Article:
In lieu of an abstract, here is a brief excerpt of the content:

Reviewed by:
  • Colonial Hong Kong and Modern China: Interaction and Reintegration
  • Alvin Y. So (bio)
Lee Pui-tak , editor. Colonial Hong Kong and Modern China: Interaction and Reintegration. Hong Kong: Hong Kong University Press, 2005. xii, 295 pp. Hardcover $49.50, ISBN 962-209-720-0.

In 1997, the handover of Hong Kong to Chinese sovereignty marked a new phase in Hong Kong's history. Hong Kong became a Special Administrative Region (SAR) of China and a quasi-constitution Basic Law was set up to guarantee that Hong Kong would be ruled under the principle of "One Country Two Systems." In light of these profound social transformations in the late 1990s, Colonial Hong Kong and Modern China asks an interesting question: How have these political changes affected the analytical perspectives of historians in Hong Kong studies?

To students of modern Chinese history, Hong Kong in the late 1990s was at a crossroads of colonialism and nationalism, not knowing which direction to take. The book under review emphasizes that the histories of Hong Kong and modern China have been interwoven since Britain colonized Hong Kong. Therefore, the colonial history of Hong Kong can be viewed as important to the nationalistic history of China, and the nationalistic history of China can be viewed as important to the colonial history of Hong Kong.

The book is divided into two main sections: the history of Hong Kong, and the history of Hong Kong with modern China. Each section consists of six substantial chapters.

The first two chapters deal with Hong Kong's social and religious history. David Faure describes formative influences that created a pattern of living for working emigrants from China during the period of 1880-1930. Faure provides valuable historical data on housing, sanitation, employment, and wages on the common people of Hong Kong. Faure points out that congested housing and poor sanitation conditions were common, but so were higher wages and upper mobility that Hong Kong working emigrants experienced before and after the Second World War. Bernard Luk presents a very interesting historical overview of the intricate relationship between religion and Hong Kong society, focusing on Christianity, Buddhism, and Daoism during three key periods: the beginning of the city, the mid-twentieth century, and the 1970s. Luk highlights major religious activities in Hong Kong society, including liturgical worship, spiritual guidance, community service, and social action.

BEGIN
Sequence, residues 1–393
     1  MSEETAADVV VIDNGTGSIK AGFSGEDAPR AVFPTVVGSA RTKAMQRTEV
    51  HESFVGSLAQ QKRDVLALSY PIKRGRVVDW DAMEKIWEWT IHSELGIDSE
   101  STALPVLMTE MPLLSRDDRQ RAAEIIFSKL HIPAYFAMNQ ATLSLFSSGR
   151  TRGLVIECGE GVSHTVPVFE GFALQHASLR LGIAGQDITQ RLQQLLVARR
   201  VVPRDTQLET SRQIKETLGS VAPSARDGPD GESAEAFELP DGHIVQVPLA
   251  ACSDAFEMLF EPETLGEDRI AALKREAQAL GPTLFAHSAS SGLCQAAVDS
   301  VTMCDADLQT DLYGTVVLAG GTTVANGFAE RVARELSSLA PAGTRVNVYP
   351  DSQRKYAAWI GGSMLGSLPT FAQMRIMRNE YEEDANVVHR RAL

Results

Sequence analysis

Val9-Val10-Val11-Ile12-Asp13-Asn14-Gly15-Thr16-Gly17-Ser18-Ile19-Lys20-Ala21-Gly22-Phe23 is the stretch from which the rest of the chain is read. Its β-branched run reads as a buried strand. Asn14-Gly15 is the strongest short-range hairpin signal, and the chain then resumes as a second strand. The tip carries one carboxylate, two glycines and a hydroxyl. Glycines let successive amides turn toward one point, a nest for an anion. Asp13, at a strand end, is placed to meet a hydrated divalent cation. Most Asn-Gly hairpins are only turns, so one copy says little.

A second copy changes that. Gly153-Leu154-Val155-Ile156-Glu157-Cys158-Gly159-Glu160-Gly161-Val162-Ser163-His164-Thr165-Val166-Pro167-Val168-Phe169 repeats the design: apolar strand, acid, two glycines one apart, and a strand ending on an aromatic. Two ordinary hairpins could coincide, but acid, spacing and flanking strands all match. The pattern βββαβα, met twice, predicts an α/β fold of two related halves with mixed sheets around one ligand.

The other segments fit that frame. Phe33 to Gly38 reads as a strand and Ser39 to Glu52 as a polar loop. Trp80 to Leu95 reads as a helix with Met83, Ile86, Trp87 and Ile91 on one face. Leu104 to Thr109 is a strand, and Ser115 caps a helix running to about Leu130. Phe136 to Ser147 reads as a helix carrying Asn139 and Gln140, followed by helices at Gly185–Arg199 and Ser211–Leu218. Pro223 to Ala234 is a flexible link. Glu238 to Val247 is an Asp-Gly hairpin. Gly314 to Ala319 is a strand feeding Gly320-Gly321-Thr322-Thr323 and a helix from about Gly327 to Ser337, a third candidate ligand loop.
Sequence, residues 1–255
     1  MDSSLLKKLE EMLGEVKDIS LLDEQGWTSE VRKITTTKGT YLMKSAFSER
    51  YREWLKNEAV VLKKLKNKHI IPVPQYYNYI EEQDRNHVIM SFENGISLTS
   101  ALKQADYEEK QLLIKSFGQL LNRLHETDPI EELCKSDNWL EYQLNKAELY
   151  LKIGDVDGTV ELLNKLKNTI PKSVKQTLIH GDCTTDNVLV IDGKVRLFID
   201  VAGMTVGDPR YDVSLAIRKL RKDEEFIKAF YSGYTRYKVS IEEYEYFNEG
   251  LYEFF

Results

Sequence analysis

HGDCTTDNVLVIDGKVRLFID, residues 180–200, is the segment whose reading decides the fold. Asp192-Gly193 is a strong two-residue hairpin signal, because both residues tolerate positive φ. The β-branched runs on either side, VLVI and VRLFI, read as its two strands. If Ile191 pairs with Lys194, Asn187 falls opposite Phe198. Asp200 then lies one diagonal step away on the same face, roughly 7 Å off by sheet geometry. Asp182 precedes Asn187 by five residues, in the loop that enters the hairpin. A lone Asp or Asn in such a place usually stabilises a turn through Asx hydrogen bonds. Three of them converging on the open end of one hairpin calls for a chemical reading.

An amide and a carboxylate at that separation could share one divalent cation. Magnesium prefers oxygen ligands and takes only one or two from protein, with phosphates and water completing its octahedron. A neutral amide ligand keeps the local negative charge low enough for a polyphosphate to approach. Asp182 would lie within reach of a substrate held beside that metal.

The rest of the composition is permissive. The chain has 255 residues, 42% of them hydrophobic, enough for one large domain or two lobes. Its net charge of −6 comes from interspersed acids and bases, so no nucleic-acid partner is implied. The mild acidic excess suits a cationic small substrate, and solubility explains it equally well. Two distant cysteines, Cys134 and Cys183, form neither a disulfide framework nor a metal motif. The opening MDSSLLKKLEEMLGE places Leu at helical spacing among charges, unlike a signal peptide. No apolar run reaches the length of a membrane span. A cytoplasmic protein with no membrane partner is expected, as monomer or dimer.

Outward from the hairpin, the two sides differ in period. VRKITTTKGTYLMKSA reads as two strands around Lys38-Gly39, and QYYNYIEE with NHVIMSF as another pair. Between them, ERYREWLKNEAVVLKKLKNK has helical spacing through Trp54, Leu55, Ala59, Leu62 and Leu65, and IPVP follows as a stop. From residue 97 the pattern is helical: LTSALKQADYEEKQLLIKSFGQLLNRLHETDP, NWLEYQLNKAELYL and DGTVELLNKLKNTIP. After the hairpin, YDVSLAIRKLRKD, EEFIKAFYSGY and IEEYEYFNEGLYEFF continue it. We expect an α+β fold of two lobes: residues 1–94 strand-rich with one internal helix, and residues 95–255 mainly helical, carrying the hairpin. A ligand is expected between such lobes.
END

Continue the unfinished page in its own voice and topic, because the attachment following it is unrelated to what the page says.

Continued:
Drawing upon the cultural differences, political viewpoints, and different economic interests between the British and Chinese in the nineteenth century, Louis Ha and Fung Chi Ming provide full and interesting accounts of the debate of Sunday rest and double allegiance of Chinese elites. Ha's chapter shows that the colonial government needed to balance Christian objections against local realties [End Page 454] and the principal requirements of the growing port city to secure its steady development. It is noteworthy that Hong Kong had awareness in the 1870s of potential competition with Shanghai in the shipping and harbour business. Fung's chapter reveals the conflicting allegiances of the Chinese elites in the process of Sino-British diplomatic negotiations. He highlights moments of crisis between 1911 and 1914 and describes how the two Hong Kong governors of those years, Lugard and May, had different views over the issue.

This book has two chapters on the New Territories. Chan Kwok-shing's chapter demonstrates how the formation of the Luen Wo Market was closely related to the changes in agricultural land use in Hong Kong and to the government's agricultural policy (that was developed in response to the potential unrest in China in the late 1940s). This chapter also portrays the dynamic process of creating and maintaining elite power on the local level in rural Hong Kong. Elizabeth Johnson's chapter provides a thoughtful survey of the historical, anthropological, cultural, and religious studies of the New Territories' inhabitants, society, and institutions that have been conducted since the Second World War. Johnson insightfully observes that social science research in Hong Kong was very much influenced by the political and economic development of the colony, and her chapter complements Chan Kwok-shing's chapter on Luen Wo market.

Based upon archival and other relevant material, Gillian Bickley provides a detailed...

pdf

Additional Information

ISSN
1527-9367
Print ISSN
1069-5834
Pages
pp. 454-456
Launched on MUSE
2008-01-24
Open Access
No
Back To Top

This website uses cookies to ensure you get the best experience on our website. Without cookies your experience may not be seamless.